A few years ago, I experienced a very intense out-of-the-blue panic attack while out for a walk with my wife. I was convinced I was having a heart problem and dying. We went to the ER where they ran some tests that ruled out a heart issue. When discharged, I was given no explanation or even theories as to what happened to me, but was told to see my primary care physician. I did, and he didn’t have a clue either. My first correct diagnosis came from a Facebook friend who read my post telling my story, which I confirmed using WebMD. Since then one therapist told me I have GAD, and another panic disorder (I think they’re both right). I use Ativan as needed. I once tried Zoloft but it gave me a paradoxical reaction and I haven’t taken one since. While there are times when I can point to a specific trigger that sets me off, there are many other occasions when I experience “free-floating anxiety” which I can’t explain. I have read that CBT can be helpful in treating GAD, but I don’t see how identifying faulty patterns of thinking can help when there doesn’t seem to be any rhyme or reason for the anxiety in the first place. I recently saw a therapist for CBT who believes there is always a trigger for anxiety, even though it may not seem like it. Is free-floating anxiety real, what causes it, and can CBT help? Thank you very much.
A: We are not always sure exactly what causes many psychological disorders, but it doesn’t make them any less real. It’s generally thought to be a combination of family history (genetic predisposition) and life experiences. Anxiety disorders are quite common but are also very treatable. Sometimes the triggers can be identified and sometimes the anxiety attacks can truly come “out of the blue.” I’ve had many clients who wake up from a deep sleep experiencing an anxiety attack. In that situation, one would be hard pressed to identify a trigger. So yes, free floating anxiety is real and panic attacks can come without obvious triggers.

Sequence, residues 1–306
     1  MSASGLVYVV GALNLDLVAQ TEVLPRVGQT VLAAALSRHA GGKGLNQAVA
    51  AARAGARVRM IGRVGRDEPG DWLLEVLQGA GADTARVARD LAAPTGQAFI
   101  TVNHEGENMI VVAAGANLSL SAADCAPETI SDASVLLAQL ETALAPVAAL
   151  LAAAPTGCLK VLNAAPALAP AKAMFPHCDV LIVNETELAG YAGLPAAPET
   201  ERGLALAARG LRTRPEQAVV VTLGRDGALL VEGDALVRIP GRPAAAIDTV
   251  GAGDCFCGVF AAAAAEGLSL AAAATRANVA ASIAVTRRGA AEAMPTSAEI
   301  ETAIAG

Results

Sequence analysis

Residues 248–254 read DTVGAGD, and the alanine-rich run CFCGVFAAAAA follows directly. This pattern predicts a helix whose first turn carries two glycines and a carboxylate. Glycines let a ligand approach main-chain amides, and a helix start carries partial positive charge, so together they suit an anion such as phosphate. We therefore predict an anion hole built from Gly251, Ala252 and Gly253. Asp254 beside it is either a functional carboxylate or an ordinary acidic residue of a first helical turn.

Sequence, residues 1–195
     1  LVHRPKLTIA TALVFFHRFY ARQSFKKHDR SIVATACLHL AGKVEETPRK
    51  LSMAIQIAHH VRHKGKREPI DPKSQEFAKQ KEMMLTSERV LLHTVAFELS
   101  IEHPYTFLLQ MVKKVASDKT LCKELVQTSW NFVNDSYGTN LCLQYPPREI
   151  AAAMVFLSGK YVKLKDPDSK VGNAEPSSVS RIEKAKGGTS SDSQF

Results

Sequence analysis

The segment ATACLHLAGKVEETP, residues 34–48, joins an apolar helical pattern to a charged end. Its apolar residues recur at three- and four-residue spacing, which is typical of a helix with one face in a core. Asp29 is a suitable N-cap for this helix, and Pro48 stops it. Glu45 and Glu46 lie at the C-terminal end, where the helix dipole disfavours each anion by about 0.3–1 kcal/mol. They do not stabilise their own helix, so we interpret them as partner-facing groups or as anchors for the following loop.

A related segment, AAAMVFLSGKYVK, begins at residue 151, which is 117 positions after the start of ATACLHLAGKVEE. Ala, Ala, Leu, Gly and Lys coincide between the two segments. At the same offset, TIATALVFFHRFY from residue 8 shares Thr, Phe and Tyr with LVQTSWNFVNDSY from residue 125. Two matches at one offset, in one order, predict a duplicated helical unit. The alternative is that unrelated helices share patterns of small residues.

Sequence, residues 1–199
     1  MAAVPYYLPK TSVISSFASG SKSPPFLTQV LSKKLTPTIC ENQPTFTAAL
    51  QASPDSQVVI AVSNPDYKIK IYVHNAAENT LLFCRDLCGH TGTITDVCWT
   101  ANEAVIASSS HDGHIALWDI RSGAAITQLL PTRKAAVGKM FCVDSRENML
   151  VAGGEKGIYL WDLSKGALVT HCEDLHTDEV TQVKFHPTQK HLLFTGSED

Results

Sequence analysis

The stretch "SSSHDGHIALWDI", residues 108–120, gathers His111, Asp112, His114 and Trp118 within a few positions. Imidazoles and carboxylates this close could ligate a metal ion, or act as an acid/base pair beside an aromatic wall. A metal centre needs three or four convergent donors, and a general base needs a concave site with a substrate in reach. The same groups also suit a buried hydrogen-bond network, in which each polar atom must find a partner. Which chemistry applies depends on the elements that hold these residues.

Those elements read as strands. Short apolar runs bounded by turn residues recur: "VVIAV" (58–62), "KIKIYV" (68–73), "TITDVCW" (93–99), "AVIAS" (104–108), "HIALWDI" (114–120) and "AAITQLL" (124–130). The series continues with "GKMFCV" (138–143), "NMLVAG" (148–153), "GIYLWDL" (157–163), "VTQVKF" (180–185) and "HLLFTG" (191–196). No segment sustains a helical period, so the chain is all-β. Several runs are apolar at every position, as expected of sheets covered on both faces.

It sounds like you are doing all the right things by seeking treatment, both with therapy and medication. Cognitive Behavioral Therapy (CBT) is a very effective treatment for anxiety and depression. Generally speaking, our thoughts always precede emotion and behavior, so if we intervene at the earliest possible point in the cycle, we have a much better chance of getting symptom relief. The other thing to keep in mind is that we have thousands of automatic thoughts going through our minds all day long. So many that we aren’t always aware of what we are actually thinking about. Increasing this awareness, slowing the thoughts down and replacing negative thoughts with positive ones can really make some deep changes in how we feel.
When treating anxiety disorders, I also teach clients about the fight or flight phenomenon, deep breathing techniques and lots of relaxation techniques. Having an assortment of coping skills makes a huge difference in managing anxiety symptoms when they pop up. There are many self-help workbooks available that give good explanations of these coping strategies. Many clients also benefit from taking yoga or meditation classes.
I’d suggest sticking with the therapy for several months, as well as supplementing your treatment with the adjunct techniques I mentioned above. I hope you feel better soon.
All the best,
Dr. Holly Counts
Last reviewed: By John M. Grohol, Psy.D. on 21 May 2014
Counts, H. (2014). How Can CBT Help Free-Floating Anxiety?. Psych Central. Retrieved on November 27, 2014, from http://psychcentral.com/ask-the-therapist/2014/05/21/how-can-cbt-help-free-floating-anxiety/